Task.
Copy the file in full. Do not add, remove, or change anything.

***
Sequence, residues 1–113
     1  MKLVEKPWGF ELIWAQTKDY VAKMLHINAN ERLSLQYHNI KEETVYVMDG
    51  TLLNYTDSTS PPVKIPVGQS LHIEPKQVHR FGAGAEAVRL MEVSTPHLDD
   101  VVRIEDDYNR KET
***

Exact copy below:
Sequence, residues 1–113
     1  MKLVEKPWGF ELIWAQTKDY VAKMLHINAN ERLSLQYHNI KEETVYVMDG
    51  TLLNYTDSTS PPVKIPVGQS LHIEPKQVHR FGAGAEAVRL MEVSTPHLDD
   101  VVRIEDDYNR KET